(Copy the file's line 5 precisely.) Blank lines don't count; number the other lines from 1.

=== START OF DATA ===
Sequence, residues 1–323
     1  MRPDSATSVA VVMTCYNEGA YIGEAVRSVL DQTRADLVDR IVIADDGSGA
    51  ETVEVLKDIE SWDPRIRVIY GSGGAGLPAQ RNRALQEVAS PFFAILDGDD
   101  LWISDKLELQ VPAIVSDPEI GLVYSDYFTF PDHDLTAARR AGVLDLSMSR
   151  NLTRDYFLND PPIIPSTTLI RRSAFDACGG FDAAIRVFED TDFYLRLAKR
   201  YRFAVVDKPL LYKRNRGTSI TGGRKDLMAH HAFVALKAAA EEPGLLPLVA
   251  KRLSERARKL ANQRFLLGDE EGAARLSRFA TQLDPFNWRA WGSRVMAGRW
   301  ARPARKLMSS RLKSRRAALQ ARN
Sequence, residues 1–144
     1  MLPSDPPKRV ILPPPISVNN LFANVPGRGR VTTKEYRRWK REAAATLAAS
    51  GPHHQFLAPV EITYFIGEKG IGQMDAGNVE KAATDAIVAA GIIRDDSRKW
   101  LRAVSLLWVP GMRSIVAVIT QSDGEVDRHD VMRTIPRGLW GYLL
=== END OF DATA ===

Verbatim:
   151  NLTRDYFLND PPIIPSTTLI RRSAFDACGG FDAAIRVFED TDFYLRLAKR